Sponsored data is here to stay

September 19, 2016

Earlier this month, I attended CTIA’s annual wireless conference, Super Mobility Week. Primarily, the show focused on topics such as 5G, spectrum, and the Internet of Things at an enterprise level, but a number of speakers and exhibitors offered helpful learnings for consumer marketers. I was particularly interested in the discussion of sponsored data, a relatively new option for marketers, which enables them to capture consumers’ attention in exchange for free cellular data.  

I went into the conference with my ear to the ground on any news on the sponsored data front because the practice of zero-rating data for certain services is finally taking hold in the wireless industry.

Zero-rating data means that carriers waive data usage when customers use specific apps or Internet services. For instance, always the trailblazer, T-Mobile started zero-rating music services with Music Freedom back in 2014. The carrier followed Music Freedom with its popular Binge On offering, enabling customers to stream video without using data. Now, you’ll find zero-rating data options from many carriers, including Canada’s Videotron (for music streaming), Verizon (for Go90 and NFL Mobile apps), and AT&T (for DIRECTV services).

I’m not a wireless provider: What does this mean for me?

In addition to carriers’ zero-rating data for certain streaming services, several carriers now offer a variety of opportunities for marketers to sponsor data for consumers.  Verizon offers several types of data sponsorship through FreeBee, its program that enables marketers to offer data credit when consumers complete specific activities, or cover all of the data consumed while browsing a particular site/app. Recently, Mintel Comperemedia captured emails from Verizon offering customers 2GB of free data when they downloaded and used Android Pay three times in stores.

AT&T offers a similar program called Data Perks, in which customers can enroll and earn data for downloading certain games or apps, shopping, and more. According to Mintel Comperemedia research, AT&T has been featuring Data Perks in customer communications, such as statement mailers, encouraging them to download the app and “start earning data for doing things you already do.”

From the looks of it, there will be more sponsored data programs popping up in the US and around the globe. Several data sponsorship platforms participated in the conference, including Aquto, which powers AT&T’s Data Perks, and a new sponsored data service from Billaway – both of which are working with brands around the globe.

With more carriers offering sponsored data programs, visibility of “free data” marketing will grow. As a result, consumers will start to feel comfortable when, say, their airline offers them zero-rated usage of a rewards app, a retailer sponsors the data consumed during a podcast in exchange for listening to a quick ad, or their grocery store provides 400MB of free data for completing a feedback survey.

Will free data appeal?

36% of consumers thinking about switching carriers want to for more or unlimited data

Today’s consumers want data, but they are also cost-conscious. According to Mintel’s Mobile Network Providers US 2016 report, more than a third of consumers thinking about switching carriers want to do so for more or unlimited data. In fact, it was the second-largest reason to switch, behind a cheaper plan. Sponsored data can help consumers squeeze more bang for their buck out of their monthly wireless plan.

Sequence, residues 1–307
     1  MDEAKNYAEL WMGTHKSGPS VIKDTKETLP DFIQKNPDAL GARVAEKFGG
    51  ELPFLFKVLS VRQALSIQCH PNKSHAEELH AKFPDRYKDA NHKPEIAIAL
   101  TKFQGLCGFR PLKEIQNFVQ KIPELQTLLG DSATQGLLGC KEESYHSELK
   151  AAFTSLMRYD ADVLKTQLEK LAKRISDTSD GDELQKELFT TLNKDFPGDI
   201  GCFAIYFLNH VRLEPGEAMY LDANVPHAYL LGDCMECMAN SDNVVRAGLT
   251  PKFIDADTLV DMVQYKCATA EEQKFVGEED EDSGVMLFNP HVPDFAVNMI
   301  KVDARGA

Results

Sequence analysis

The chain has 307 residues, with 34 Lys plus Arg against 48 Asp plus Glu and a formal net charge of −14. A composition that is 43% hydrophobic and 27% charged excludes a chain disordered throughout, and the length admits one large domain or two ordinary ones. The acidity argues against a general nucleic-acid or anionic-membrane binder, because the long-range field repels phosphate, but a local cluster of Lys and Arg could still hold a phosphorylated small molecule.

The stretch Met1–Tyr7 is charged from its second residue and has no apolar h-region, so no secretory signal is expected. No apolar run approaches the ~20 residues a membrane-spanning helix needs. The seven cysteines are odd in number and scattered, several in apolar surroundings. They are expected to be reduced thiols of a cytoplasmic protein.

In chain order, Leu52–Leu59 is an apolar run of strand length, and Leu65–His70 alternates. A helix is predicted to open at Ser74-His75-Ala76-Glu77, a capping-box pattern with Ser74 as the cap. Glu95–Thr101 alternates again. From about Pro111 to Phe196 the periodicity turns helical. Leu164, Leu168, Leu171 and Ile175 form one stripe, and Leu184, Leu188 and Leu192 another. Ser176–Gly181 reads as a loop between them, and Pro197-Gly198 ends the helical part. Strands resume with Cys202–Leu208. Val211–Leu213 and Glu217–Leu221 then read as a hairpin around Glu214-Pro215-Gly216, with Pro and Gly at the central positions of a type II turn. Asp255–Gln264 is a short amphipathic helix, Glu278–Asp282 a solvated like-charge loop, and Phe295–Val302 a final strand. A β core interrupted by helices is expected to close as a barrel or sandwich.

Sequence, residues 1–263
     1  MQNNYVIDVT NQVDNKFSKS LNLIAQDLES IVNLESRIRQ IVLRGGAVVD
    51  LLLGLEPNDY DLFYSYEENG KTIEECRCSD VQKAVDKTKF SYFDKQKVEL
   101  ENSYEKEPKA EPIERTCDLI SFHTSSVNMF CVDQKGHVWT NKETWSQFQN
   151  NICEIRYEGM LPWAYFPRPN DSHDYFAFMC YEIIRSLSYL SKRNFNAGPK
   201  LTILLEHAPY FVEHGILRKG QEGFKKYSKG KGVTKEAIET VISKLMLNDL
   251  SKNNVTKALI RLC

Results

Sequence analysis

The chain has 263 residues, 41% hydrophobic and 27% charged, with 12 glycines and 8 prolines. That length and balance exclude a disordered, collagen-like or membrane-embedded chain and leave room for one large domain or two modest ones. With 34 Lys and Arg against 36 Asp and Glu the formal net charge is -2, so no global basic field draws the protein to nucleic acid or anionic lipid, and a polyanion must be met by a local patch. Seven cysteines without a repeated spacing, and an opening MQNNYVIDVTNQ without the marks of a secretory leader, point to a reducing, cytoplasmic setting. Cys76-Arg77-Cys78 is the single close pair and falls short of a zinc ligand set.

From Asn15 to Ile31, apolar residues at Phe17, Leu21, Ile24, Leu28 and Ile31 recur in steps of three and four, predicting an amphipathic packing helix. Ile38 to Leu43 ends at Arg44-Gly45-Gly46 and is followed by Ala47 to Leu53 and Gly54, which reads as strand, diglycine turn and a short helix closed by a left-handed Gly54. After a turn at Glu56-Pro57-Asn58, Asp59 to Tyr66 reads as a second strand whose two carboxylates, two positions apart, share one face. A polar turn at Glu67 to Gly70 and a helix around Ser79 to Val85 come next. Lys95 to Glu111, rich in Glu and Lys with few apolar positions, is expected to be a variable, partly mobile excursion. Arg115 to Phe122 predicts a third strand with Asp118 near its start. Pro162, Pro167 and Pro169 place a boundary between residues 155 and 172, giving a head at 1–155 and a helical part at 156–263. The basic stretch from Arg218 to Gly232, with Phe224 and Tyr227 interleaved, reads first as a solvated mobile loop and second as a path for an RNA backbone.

Free data can surprise and delight customers. When speaking with Billaway CMO Tom Haley, I was informed that the service aims to seamlessly integrate the sponsored data offerings into the types of activities consumers are already doing on a daily basis. This keeps the service from becoming invasive or feeling like an overt marketing ploy. If a customer is rewarded with free data after completing an activity that they normally do anyway (like shopping at a certain website), then it becomes an unexpected surprise.

Sponsored data could go one step further if programs partnered with services like Vodi (an award winner at this year’s CTIA Startup Lab), which enables prepaid wireless customers to gift data to friends or family on prepaid plans in the US and other countries. After all, maybe I don’t need 500MB of free data this month, but I know somebody who does.

Sponsored data is already helping to provide accessibility to consumers who might not otherwise be able to take advantage of certain services. Aquto CEO Susie Kim Riley gave the example of a bank in Brazil that zero-rates the data for use of its banking app because, she said, over half of mobile phone users in the country don’t have a data subscription.

Not everyone is a fan of sponsored data as many groups have argued that zero-rating data for some services and not others offers unfair prioritization of the sponsored content. So far, however, zero-rated data has been viewed largely as a boon to customers in the US, so the FCC has not interfered with the practice. Ultimately, if marketers avoid attaching too many strings to their data offers and ensure that they are integrating sponsored data into the natural, daily activities of the consumer, the practice can be a successful new marketing method.

Emily Groch is Mintel Comperemedia’s Director of Insights, Telecommunications. She provides omni-channel marketing analysis and competitive insights to wireless, TV, internet, over-the-top, and home security service providers across the US and Canada.

Emily Groch
Emily Groch

Emily Groch is Mintel Comperemedia’s Director of Insights, Telecommunications, providing omni-channel marketing analysis and competitive insights to telecom providers.

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